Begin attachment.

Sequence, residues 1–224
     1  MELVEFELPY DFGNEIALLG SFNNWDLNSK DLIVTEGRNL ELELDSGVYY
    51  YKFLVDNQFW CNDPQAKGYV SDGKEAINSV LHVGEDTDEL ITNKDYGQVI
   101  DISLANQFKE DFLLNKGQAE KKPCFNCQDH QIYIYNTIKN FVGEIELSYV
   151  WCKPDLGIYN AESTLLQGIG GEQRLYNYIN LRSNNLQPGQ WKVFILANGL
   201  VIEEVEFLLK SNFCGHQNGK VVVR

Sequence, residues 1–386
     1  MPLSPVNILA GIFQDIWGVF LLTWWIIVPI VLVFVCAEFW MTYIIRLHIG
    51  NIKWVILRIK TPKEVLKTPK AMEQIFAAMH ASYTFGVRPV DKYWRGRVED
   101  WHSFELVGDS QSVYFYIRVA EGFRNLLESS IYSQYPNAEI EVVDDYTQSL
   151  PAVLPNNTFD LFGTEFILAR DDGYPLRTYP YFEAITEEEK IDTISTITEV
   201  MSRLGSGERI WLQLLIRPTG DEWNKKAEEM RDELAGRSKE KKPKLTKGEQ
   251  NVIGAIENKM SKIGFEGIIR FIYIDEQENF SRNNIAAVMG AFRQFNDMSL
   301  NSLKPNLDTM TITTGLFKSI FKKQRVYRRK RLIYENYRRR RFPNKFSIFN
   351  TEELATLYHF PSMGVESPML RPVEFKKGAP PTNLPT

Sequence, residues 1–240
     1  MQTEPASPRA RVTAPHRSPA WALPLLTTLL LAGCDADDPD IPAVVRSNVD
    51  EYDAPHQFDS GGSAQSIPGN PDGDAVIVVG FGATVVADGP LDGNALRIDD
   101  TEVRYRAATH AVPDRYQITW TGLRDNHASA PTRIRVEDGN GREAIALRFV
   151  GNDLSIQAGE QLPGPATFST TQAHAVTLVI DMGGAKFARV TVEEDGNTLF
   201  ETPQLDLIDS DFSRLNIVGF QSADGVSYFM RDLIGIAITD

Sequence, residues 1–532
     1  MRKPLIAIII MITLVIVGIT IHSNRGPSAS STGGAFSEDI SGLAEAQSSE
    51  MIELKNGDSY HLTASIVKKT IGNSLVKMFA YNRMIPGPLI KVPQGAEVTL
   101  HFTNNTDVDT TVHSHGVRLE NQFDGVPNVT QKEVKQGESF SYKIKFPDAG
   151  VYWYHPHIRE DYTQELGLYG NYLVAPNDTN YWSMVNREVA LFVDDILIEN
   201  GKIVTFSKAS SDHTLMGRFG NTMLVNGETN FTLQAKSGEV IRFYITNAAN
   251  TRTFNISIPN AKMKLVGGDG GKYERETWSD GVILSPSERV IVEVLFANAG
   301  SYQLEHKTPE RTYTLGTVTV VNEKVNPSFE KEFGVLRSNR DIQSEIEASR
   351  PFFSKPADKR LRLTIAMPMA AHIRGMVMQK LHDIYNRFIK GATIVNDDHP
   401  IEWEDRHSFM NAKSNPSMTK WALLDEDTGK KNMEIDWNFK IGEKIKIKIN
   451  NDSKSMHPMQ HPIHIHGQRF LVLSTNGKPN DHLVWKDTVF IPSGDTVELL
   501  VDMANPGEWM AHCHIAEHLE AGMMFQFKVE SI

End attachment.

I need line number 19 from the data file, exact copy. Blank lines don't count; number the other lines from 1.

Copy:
   101  TEVRYRAATH AVPDRYQITW TGLRDNHASA PTRIRVEDGN GREAIALRFV